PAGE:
Risks of an overheating US economy

Simon Doyle
Simon Doyle
Schroders Head of Fixed Income and Multi-Asset
The US economy and corporate profits have been strong. It’s times like these that investors should start to worry about monetary policy tightening killing the bull market.

On many occasions we have commented on how markets look stretched, based on valuations, pointing to a low return outlook over the next three years. The other side of this coin is that markets are also more vulnerable to shocks — the more stretched valuations are, the greater the likely downside shift if markets are confronted with negative news. It is therefore prudent to scan the horizon for likely shocks that may destabilise markets. The most damaging of shocks would be a US recession.  A typical shock will see greed turn to fear, and often leads to a 20%-plus fall in share markets, like the European shock in 2011.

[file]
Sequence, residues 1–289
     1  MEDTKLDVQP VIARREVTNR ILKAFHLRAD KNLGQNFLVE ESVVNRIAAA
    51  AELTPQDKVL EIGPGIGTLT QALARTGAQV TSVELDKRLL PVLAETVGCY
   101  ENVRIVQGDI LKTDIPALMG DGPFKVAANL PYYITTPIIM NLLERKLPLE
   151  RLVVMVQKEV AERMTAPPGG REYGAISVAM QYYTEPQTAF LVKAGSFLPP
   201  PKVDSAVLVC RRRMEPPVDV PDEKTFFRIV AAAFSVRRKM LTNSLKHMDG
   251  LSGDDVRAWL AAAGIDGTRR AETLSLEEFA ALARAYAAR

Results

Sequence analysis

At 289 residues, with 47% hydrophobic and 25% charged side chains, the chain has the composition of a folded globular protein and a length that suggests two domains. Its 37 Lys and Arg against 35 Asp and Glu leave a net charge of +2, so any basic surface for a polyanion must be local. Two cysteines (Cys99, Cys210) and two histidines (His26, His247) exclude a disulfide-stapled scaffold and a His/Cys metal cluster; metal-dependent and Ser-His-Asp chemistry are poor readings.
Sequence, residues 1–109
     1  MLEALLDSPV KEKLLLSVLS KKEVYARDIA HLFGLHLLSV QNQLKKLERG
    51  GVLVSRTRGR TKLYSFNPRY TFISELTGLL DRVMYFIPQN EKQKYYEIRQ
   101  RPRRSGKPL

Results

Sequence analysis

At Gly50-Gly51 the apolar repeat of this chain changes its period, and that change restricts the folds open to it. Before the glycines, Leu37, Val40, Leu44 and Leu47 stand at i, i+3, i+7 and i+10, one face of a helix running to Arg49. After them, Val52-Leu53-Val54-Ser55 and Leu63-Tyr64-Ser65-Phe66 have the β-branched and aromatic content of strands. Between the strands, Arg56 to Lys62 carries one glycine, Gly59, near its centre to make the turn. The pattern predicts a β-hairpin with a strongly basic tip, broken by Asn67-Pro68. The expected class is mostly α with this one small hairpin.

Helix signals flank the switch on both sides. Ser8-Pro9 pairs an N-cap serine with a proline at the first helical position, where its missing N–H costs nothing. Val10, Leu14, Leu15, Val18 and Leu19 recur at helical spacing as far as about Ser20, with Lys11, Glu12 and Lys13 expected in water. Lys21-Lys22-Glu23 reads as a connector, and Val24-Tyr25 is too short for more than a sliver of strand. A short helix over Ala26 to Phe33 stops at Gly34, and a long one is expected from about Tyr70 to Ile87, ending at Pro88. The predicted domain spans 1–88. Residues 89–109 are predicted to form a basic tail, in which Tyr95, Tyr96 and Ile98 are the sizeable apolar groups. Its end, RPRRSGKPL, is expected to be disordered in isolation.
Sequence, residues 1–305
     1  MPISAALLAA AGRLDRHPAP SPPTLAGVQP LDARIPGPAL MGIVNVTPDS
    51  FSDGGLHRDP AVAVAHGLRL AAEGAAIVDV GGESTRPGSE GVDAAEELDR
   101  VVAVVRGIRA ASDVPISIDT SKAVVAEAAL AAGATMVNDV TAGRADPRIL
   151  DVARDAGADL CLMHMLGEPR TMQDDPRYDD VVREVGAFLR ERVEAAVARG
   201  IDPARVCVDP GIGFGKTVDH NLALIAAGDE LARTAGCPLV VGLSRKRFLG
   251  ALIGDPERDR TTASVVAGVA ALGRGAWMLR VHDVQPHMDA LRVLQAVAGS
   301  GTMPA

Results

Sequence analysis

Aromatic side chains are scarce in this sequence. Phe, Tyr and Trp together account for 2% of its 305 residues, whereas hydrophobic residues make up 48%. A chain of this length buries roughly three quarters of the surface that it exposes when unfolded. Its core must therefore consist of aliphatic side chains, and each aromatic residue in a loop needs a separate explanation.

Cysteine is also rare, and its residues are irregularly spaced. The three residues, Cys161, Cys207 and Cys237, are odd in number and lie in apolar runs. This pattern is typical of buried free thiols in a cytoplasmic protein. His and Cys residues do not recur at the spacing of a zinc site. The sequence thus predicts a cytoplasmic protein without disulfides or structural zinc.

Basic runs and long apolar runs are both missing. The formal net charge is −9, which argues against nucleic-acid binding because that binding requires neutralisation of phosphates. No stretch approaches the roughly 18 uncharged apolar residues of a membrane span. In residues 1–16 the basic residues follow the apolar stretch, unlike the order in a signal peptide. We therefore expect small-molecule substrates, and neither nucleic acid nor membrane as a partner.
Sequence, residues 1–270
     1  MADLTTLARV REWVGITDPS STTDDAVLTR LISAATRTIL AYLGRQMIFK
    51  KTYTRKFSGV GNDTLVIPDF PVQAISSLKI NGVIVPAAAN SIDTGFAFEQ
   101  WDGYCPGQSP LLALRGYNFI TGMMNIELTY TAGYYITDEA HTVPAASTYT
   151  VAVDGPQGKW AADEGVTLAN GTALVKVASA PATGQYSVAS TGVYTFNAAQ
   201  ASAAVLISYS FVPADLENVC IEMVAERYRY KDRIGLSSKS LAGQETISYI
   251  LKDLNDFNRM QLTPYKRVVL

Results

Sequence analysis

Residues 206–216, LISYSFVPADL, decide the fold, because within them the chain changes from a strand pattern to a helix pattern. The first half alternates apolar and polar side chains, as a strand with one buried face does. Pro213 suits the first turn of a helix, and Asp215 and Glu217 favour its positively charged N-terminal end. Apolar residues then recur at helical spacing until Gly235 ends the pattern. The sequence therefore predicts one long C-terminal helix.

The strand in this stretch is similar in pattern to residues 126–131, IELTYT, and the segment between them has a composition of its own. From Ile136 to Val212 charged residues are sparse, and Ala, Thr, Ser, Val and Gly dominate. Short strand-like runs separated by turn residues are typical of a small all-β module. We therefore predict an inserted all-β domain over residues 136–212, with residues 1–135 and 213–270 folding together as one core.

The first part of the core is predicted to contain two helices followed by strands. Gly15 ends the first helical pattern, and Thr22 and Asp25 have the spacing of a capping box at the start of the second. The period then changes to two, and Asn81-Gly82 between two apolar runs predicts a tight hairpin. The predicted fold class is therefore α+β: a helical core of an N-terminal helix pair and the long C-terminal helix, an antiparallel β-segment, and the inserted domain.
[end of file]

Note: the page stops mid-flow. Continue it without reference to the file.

Unsurprisingly we spend a great deal of time determining the risk of recession. Our modelling has found there are generally three phases leading into a recession. First, the economy begins to see signs of overheating — goods and labour markets are tight and inflation pressures start to build. This generally occurs one to two years before a recession. Then, the central bank responds by raising interest rates and draining liquidity out of the system. Policy becomes tight, and with a lag of six to 12 months, this leads to a recession. The last leg to fall is when we start to see it in activity, with investment and employment falling and consumers beginning to rein in on their spending.


Watching this space for further signs of recession risk

It's going to be interesting to see how this unfolds over the next year or two.

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